It’s spring and all kinds of things are blooming.
Last week we wrote in jest about giving in to the gun guys and opening a gun shop on Capitol Hill. That was in response to Florida Sen. Marco Rubio’s proposal to scrap city gun laws in favor of more lenient federal rules.
Well, we don’t think the city will get around to opening a gun shop in defiance of Congress, but a retail gun store in the nation’s capital is not entirely out of the question.
Last Friday on the WAMU “Politics Hour,” Police Chief Cathy Lanier noted that the sky has not fallen since the U.S. Supreme Court in 2008 threw out the city’s ban on handguns and a federal court last year said the District could regulate but not ban concealed-carry weapons.
“Everybody fears the sky is falling” with some gun legalization, Lanier said, “but the numbers are not that high.”
She said about 4,000 people have opted for a license to have a handgun in the home. She said only about 25 people have obtained concealed carry permits while she has denied another 25.
“It’s not this surge of people coming in, that we’re going to see like thousands of concealed carry permits. It’s just not happening,” Lanier said.
In the past, the chief has stood with other city officials and mayors when they have opposed relaxed handgun laws in the District. She’s had to manage the change.
But could the city one day have a retail gun shop like we proposed? “Would it be OK with you if the city were to open a retail gun store?” we asked.
“Well,” Lanier began, “if we have concealed carry regulations — and I am very comfortable with concealed carry permits that I have issued, very comfortable — if there was a regulated way for people to purchase them in the District, you know, I don’t have any issue with that.”
NBC4 reported the chief’s remarks, but her breakthrough comment that a retail gun store could open here got surprisingly little media reaction.
■ Visit the Arboretum! We’re all excited again this season for the cherry blossom trees that just now are breaking out in blooms. But a short distance from the Tidal Basin sits the underused, underappreciated and underfunded United States National Arboretum.
Some of the best good news this year came this past week. The Arboretum, which had been open only four days a week, will again be open seven days a week beginning this Friday. (Sequestration cuts had severely limited funds for the full-time operation.)
“I’m thrilled that it’s happening in time for spring,” said consultant and fan Janice Kaplan. “Not only because the azaleas are a springtime event, but this year we also have the eagles [nesting]. It’s an added reason. It’s a good development for the residents of Washington and people who visit our nation’s capital from all over the world.”
If you haven’t been to the Arboretum, you should go. You can even buy surplus Kanuma bonsai soil that’s only available this Saturday (no credit cards!). But the real reason to go is that the Arboretum off New York Avenue NE is 446 acres of sprawling woodlands and fields with nearly 10 miles of winding roadways.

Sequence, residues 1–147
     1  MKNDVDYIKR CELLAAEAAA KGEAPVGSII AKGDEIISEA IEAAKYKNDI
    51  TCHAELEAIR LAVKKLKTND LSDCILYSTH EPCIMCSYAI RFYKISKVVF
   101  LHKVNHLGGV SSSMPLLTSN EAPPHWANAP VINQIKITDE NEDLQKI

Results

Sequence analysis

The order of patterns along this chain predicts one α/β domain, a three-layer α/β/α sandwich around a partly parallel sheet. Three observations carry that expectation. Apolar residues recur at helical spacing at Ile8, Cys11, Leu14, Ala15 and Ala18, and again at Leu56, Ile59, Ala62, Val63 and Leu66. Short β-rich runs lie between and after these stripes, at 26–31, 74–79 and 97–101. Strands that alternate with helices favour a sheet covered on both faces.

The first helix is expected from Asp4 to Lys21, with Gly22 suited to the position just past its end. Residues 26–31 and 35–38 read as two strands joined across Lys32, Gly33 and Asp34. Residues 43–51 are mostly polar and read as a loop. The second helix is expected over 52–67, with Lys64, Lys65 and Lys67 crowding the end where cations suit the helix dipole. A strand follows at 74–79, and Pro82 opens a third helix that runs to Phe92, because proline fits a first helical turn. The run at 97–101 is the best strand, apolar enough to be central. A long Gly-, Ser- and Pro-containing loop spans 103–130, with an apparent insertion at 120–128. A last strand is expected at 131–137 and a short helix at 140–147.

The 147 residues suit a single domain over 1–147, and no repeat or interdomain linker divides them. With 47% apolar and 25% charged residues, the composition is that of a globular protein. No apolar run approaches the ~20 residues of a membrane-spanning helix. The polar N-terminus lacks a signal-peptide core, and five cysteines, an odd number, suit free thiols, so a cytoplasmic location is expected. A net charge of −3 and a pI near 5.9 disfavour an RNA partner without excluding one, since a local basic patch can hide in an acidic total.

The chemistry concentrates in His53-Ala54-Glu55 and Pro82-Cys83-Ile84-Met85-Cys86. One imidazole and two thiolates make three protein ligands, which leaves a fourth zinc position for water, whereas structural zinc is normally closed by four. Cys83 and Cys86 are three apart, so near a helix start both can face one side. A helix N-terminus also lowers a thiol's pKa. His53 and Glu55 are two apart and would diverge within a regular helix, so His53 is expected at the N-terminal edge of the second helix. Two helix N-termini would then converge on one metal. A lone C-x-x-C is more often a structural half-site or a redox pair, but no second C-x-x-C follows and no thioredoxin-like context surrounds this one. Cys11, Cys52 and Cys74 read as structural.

Kaplan noted that the Friends of the National Arboretum group has been working hard to get the facility reopened seven days a week. “Funding has come through now,” she told the Notebook, “but residents need to realize that it will take both public and private funds to support the Arboretum in the future.”
The future is now. Go see it. And we haven’t even mentioned the historic U.S. Capitol columns that stand majestically in one of the open fields. And if you’re interested in volunteering or otherwise helping, email firstname.lastname@example.org. The Friends group’s website is fona.org.
■ Go Nats and neighborhood. It was a difficult TV task on Monday, spending the day outside Nationals Park and talking to fans headed into opening day against the New York Mets. Difficult, but we managed to get through the long hours of pleasant, cool, sunshine-filled weather to report for NBC4. Don’t pity us too much.
The Nats kind of threw away the game, with three unearned runs for the Mets. But as we labored outside the center field gate, we noted that while the team has its ups and downs, land area around the ballpark is doing nothing but going up and up and up.
Just since the end of last season, a 50,000-square-foot Harris Teeter has opened (your Notebook shops there), as has a 28,000-square-foot Vida health club, along with another 219 units of new housing around the Yards Park area.
Those stats come from Michael Stevens, who heads the Capitol Riverfront Business Improvement District. He’s got more.
“More important for the fans, we’ve seen nine new restaurants open,” Stevens said. “What [the fans] are going to see are a lot of cranes as well. We currently have nine residential projects under construction. That total is 1,850 residential units under construction.”
Stevens has lived through the seemingly lean years that struck with the recession, just about the time Nationals Park opened. But the progress has been slow and steady and is about to bloom even more.
“This is our second wave of massive development,” he said. And with all that’s underway now, Stevens says there is enough planned development to last another 15 years.
And you can watch a lot of today’s projects rush to be ready in 2018 when Nats Park hosts its first All-Star Game. That game was announced on Monday, too. The only bad thing that happened this past Monday was the Nats lost. But the city isn’t losing.
Tom Sherwood, a Southwest resident, is a political reporter for News 4.